Optimizing the dose of glutamine dipeptides and antioxidants in critically ill patients: a phase I dose-finding study.
BACKGROUND: Supplementation with glutamine and antioxidants may be associated with an improvement in clinical outcomes, but the optimal dose of these substrates is unknown. The purpose of this study was to determine the safety of high doses of glutamine combined with antioxidants in critically ill patients. METHODS: We conducted a single-center, open-label, dose-escalating clinical trial. Mechanically ventilated adult patients with clinical evidence of hypoperfusion were sequentially enrolled to 1 of 5 groups. Group 1 (n = 30): no supplementation; group 2 (n = 7): 0.35 g/kg/d of glutamine IV; group 3 (n = 7): same as group 2 plus 15 g/d of glutamine and 150 microg of selenium enterally; group 4 (n = 7): same as group 2 plus 30 g/d of glutamine and 300 microg of selenium enterally; and group 5 (n = 7): same as group 4 plus an additional 500 microg of selenium IV. After enrollment, nutrients were started as soon as possible. All patients were fed enterally according to clinical practice guidelines. RESULTS: The primary outcomes for this study were change in sequential organ function assessment (SOFA) score and safety parameters. Secondary outcomes included whole blood glutathione (GSH), thiobarbituric acid reactive substances (TBARS), and blood cells' mitochondrial DNA/nuclear DNA ratio (RATIO). There were no adverse events attributable to the study nutrients, and the maximum and Delta SOFA did not differ across groups. In group 2, a significant decrease in GSH levels was observed (p = .03). With subsequent groups, the slopes straighten out and the p values are no longer significant, suggesting a greater preservation of GSH levels with escalating doses. In group 2, the slope of the line representing TBARS was horizontal. With subsequent groups, the slopes decrease, and by group 5, this decrease reaches statistical significance (p = .03), suggesting a greater reduction in oxidative stress with the higher doses in group 5. The difference in slopes across all groups describing the mitochondrial RATIO is statistically significant (p = .001), again suggesting that, with higher doses, there is increased mitochondrial function. CONCLUSIONS: The doses of glutamine and antioxidants tested in this study seem to be safe and may have positive effects on some mechanistic endpoints. A larger trial will be necessary to confirm their therapeutic effects.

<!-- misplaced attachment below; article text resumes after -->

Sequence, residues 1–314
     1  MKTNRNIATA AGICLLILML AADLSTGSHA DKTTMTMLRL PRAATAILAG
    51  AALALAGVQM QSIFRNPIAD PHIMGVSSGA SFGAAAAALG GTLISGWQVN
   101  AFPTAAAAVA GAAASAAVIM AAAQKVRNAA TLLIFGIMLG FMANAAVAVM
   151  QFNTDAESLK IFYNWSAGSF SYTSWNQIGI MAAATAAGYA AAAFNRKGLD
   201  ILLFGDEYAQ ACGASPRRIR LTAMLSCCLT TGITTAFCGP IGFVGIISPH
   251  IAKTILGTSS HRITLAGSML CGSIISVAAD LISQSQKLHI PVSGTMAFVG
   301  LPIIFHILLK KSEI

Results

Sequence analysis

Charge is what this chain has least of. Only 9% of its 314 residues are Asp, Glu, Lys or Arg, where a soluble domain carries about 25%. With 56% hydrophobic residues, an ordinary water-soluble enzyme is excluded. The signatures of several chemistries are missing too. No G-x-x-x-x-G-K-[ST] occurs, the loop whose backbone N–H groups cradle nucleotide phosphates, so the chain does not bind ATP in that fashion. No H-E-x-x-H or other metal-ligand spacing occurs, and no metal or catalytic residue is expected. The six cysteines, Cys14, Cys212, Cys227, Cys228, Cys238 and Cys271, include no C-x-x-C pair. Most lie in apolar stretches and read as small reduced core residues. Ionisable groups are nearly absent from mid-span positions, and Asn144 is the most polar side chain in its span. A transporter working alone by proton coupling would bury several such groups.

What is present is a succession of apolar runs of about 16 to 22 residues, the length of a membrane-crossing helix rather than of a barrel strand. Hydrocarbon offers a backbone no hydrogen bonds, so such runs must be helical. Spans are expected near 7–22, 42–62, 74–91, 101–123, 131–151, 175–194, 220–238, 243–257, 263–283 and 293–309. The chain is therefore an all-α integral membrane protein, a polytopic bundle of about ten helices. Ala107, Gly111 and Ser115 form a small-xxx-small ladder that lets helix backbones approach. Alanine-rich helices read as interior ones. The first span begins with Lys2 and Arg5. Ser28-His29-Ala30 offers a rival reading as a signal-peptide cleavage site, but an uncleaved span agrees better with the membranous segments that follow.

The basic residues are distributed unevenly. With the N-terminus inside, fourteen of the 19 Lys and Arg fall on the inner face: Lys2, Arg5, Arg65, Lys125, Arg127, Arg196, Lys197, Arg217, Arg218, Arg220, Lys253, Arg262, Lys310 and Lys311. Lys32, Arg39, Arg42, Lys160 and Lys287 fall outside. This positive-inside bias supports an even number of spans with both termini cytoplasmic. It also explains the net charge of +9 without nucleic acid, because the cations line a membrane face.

Heyland, DK; Dhaliwalm, R; Day, A; Drover, J; Cote, H; Wischmeyer, P
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